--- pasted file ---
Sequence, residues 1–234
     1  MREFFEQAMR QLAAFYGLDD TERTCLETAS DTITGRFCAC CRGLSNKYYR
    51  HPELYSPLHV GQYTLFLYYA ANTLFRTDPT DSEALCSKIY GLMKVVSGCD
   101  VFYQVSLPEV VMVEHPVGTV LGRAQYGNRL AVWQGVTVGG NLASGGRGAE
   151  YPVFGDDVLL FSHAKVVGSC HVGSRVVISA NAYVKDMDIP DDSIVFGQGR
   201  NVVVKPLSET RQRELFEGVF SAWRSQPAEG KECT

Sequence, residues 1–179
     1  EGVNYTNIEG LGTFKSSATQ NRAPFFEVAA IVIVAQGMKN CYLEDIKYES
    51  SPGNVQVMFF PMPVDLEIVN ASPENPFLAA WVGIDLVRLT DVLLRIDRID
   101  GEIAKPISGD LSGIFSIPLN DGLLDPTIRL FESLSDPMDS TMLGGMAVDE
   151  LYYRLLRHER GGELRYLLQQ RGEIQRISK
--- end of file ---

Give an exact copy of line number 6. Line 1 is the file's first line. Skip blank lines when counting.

   201  NVVVKPLSET RQRELFEGVF SAWRSQPAEG KECT